Start-ups need youth, experience, a good degree

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Start-ups need youth, experience, a good degree


The three most powerful local venture capital companies - Naver, Kakao Ventures and SoftBank Ventures - prefer investing in companies started by people in their 30s with degrees from the best schools: and with an abundance of experience.

A study by the JoongAng Ilbo found that these three venture capital companies invested in 132 start-ups in Korea and abroad from 2018 to the first half of this year.

Naver invested nearly 55.4 billion won ($46.87 million) in 28 start-ups, while Kakao Ventures invested 47.4 billion won in 59 and Softbank Ventures invested 254 billion won in 45.

Nearly half, or 49 percent, was invested in 65 Korean companies, with 87 start-up founders.

The JoongAng Ilbo found that the companies that attracted investments were run by people who graduated from Korea’s top educational institutions.

Of the 87 start-up founders who received investments, 19 people, or 22 percent, earned bachelor’s degree from Seoul National University (SNU).

KAIST came in second with 11 people, or 13 percent, while Yonsei University trailed behind with eight, Korea University with five and Postech with three.

Companies backed by graduates of these five universities accounted for 53 percent of the total investments in the first half.

This is particularly interesting considering the fact that the venture capitalists themselves said they did not consider the academic background of these entrepreneurs when reviewing these companies for investments.

“We’ve only looked at their business plans,” said a Kakao Ventures’ official.

Two founders each from Sogang University, Hanyang University, Hankuk University of Foreign Studies, Kyungpook University and Ulsan National Institute of Science and Technology (Unist) were able to get investments.

Meanwhile, some 13 start-up founders who won investments from the companies attended schools abroad, which was 15 percent of the total.

“Statistically, teams with great ideas are usually the ones who graduated from high-ranking schools,” said Oh Jong-wook, investment team manager at the venture capital firm Capstone Partners. “Especially in the case of KAIST, the school supports various start-up activities on campus. And that’s the reason they have so many talented start-up founders.”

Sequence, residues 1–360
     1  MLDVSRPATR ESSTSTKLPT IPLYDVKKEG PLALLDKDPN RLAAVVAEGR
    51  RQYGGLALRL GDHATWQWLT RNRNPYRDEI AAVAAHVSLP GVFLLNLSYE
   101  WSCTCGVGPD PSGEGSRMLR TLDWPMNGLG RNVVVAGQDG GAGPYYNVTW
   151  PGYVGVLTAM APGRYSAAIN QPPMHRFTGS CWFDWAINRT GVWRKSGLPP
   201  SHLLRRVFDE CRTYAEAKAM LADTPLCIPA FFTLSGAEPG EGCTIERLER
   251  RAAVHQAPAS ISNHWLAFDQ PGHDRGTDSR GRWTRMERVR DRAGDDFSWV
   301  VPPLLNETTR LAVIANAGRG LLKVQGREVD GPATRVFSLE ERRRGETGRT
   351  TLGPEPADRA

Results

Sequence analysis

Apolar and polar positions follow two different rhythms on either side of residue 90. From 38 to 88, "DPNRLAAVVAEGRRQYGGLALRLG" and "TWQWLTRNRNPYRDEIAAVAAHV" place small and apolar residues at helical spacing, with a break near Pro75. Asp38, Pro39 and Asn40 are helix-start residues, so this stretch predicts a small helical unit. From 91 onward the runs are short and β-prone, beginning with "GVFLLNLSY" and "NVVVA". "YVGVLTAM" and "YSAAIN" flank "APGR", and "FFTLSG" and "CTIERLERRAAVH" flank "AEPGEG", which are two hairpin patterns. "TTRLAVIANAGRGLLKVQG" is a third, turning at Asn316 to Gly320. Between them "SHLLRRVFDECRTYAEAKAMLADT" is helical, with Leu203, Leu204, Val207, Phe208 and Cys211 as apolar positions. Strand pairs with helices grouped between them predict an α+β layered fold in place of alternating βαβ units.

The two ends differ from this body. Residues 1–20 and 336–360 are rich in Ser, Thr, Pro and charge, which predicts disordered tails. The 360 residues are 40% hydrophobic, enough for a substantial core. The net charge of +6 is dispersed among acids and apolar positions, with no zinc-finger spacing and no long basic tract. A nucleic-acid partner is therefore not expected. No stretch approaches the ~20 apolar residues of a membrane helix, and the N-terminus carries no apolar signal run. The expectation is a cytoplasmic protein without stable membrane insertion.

The JoongAng Ilbo also found that today’s start-ups are driven mostly by people in their 30s.

Among the 87 people who received venture capital in the first half, 36 people, or 41 percent, were in their 30s.

Some 20 entrepreneurs in their 40s attracted investments, and the same number for entrepreneurs in their 20s.

Entrepreneurs in their 30s and 40s accounted for 64 percent overall.

But there were older people who succeeded in attracting investments.

Six were in their 50s, which accounted for 7 percent of the total.

One was Lee Jae-woong, 51, CEO of car-sharing company Socar. Lee was the founder of Korea’s second-largest Web portal Daum, which is owned by Kakao. Lee’s Socar got an investment from SoftBank Ventures.

Choi Hwi-young, 55, is another famous figure. He won an investment from Naver for his trip information service app Triple.

Choi was once CEO of Naver.

Kim Jung-hwan, the 51-year-old CEO of game company Nyou, succeeded in getting an investment from Kakao Ventures in the first half. Between 2015 and 2016, Kim headed Blizzard Entertainment in Korea.

Kim Su-kwon, the 39-year-old founder and CEO of Extriber, a package tour platform that received an investment from Kakao Ventures, was a co-founder of Woowa Brothers, the company that developed Korea’s dominant food delivery app, Baedalminjok.

Daniel Hyunsung Shin, the 34-year-old, founder of blockchain company Terra, who also received an investment from Kakao Ventures in the first half, was founder of one of Korea’s early social commercial start-ups, Ticket Monster (TMON).

Some worry that the investments were too concentrated with these famous start-up founders.

“The reputation of these start-up founders act as a factor that attracts investments as much as the business models that are proposed,” said a venture capitalist.

The study found that among start-up founders, 48 people, or 55 percent, launched their own business after experience at either conglomerates or IT companies.

Cases in which the founders started a company right out of college or graduate school only accounted for 31 percent, or 27 people.

“This shows that in order to be a successful start-up, one needs to build a sufficient amount of experience in any form,” said Jung Kwang-ho, a professor at the Seoul National University’s graduate school of public administration. “Rather than mindlessly funding start-ups, the government should switch its plan and help novice start-up entrepreneurs build enough experience before starting a business.”

The study also found that only 11 of the start-up founders who succeeded in getting investments, or 13 percent, were women.

Among the 65 companies, more than half or 36 companies were founded after 2016.

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